It took one of my members of staff mentioning it this morning for me to realise that the clocks going forward for summer had thrown my internal bodyclock out. I’m so used to waking with daylight at a given time that the hour’s shift has been very noticeable. I’m pretty sure that’s why I’m feeling woolly-headed and out of sorts today.
Well – it could be another head cold trying to get started, admittedly, but that’s usually not something that makes me yawn and rub my eyes. As tempting as it was to stay in bed, I’ve done the adult thing and got myself to work instead. I’ve picked one of my smaller libraries with staff parking (a rarity), and ensconced myself in the back room to prepare for a meeting and pick off quick-win tasks. Out front there’s been a school visit and the sound of children being children has been a quiet backdrop to the morning.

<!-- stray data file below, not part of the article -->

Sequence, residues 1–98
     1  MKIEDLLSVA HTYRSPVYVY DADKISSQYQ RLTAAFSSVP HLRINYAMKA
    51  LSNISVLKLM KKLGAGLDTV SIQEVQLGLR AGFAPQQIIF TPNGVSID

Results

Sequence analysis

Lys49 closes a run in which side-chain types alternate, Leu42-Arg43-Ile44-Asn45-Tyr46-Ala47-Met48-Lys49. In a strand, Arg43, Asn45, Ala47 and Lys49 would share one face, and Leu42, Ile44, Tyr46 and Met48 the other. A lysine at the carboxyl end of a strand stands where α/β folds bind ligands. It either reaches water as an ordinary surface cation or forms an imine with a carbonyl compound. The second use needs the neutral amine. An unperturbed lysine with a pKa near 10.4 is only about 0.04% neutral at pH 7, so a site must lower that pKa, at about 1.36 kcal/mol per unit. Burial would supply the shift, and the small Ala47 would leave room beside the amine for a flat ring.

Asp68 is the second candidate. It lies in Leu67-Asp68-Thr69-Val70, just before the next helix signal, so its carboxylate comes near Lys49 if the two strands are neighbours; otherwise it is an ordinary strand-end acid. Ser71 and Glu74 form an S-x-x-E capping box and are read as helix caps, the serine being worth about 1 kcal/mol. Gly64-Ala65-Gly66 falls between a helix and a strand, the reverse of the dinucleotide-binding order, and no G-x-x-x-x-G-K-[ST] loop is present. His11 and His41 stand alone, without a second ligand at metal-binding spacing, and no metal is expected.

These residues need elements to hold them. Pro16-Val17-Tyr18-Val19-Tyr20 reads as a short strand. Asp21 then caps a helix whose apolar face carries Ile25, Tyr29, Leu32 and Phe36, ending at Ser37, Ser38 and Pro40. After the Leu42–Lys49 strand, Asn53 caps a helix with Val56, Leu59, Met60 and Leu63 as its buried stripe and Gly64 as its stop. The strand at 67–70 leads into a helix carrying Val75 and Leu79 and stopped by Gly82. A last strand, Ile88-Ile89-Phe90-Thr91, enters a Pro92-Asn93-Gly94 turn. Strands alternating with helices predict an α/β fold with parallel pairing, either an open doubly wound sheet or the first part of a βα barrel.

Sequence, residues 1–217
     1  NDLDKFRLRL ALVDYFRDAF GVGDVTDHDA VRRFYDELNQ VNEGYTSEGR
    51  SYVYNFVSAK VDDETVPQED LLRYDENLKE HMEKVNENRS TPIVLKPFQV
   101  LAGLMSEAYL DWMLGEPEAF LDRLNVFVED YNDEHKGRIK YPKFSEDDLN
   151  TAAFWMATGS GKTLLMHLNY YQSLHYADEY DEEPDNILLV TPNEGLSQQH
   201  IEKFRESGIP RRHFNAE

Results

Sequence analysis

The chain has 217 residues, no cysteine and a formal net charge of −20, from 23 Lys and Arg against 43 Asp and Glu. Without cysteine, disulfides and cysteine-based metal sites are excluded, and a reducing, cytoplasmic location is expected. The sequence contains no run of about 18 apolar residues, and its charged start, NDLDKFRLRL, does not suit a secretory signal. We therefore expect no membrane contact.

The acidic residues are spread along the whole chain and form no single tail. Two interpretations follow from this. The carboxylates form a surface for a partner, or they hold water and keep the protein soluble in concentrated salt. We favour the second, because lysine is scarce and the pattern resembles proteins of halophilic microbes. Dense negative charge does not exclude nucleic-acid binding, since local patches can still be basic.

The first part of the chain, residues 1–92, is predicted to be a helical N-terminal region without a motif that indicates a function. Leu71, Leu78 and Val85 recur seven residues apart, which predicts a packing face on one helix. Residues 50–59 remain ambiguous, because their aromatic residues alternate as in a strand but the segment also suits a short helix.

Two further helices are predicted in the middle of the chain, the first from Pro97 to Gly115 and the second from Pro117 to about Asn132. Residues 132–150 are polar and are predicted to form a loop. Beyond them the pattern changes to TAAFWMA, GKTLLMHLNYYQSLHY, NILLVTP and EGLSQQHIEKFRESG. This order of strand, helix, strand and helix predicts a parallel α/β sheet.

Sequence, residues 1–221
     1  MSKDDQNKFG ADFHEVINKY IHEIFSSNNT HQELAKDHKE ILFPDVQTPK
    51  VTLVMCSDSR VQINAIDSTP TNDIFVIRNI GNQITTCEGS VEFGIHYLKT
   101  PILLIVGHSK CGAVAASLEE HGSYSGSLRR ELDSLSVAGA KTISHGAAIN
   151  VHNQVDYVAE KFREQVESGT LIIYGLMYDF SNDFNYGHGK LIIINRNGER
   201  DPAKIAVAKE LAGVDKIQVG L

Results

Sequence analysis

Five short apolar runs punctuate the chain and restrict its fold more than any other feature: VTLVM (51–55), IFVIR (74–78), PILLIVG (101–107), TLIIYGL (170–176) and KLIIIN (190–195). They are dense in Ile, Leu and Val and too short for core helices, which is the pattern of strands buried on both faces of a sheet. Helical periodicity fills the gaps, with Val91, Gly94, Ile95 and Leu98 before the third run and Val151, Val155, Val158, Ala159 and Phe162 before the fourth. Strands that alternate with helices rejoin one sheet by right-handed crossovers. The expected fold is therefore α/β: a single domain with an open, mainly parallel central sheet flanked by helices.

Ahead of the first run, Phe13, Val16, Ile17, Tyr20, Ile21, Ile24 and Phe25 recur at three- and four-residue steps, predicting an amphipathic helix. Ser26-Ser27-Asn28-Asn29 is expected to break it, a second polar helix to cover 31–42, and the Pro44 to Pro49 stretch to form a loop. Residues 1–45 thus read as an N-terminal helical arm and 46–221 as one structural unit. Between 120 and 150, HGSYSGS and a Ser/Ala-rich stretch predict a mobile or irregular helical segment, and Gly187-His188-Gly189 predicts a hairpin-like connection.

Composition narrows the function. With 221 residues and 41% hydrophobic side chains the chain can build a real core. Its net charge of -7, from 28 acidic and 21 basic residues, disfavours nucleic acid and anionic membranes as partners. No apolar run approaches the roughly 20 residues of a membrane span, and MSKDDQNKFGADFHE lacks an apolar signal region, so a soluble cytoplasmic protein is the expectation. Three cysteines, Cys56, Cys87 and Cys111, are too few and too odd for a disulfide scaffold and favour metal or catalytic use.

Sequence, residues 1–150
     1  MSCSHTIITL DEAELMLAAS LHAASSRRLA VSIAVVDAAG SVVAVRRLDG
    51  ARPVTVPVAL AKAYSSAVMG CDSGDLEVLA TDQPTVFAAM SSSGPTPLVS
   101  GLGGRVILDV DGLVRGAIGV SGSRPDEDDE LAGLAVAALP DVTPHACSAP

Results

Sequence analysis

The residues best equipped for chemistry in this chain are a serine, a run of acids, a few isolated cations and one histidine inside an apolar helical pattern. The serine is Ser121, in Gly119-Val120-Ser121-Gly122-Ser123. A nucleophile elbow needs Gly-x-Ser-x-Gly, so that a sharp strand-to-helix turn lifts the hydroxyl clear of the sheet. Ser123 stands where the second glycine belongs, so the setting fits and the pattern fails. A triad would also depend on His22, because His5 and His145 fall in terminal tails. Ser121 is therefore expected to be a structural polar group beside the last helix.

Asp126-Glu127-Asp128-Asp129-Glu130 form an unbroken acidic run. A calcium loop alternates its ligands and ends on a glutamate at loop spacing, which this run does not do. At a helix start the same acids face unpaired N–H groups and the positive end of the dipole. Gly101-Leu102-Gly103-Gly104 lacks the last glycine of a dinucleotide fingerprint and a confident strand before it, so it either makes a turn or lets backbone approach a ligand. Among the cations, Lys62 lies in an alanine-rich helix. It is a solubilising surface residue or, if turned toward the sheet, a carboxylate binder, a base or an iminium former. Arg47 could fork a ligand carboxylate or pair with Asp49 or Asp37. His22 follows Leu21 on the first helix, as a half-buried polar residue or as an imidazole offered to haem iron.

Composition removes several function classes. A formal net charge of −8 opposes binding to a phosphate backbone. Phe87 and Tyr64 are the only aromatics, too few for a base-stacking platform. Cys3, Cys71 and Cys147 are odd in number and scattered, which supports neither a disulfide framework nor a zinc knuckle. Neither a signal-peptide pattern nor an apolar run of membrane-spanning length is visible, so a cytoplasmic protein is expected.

It’s quietly productive times like this that are easy to overlook when thinking about job satisfaction. I don’t work in an office environment so don’t have the quiet bustle of being around other people. Sometimes that makes the day go quickly, and sometimes it can be unhelpful. I’m very much aware that I have a short week this week as I’ll be travelling for a family event during it, so I’m focused on setting things going that I can come back to, and on tying off loose ends.
With that said, I don’t think its particularly different to many other people’s working week where their work environment isn’t directly involved with frontline customer service. I’m not entirely sure where I’m going with this – perhaps just a gentle acknowledgement that sometimes its okay to just let the day tick by, appreciating when things are generally proceeding with only the occasional nudge here and there. It makes a gentle contrast to when everything needs to happen in a hurry or change direction rapidly in response to an external factor.
Here’s to quiet days in the office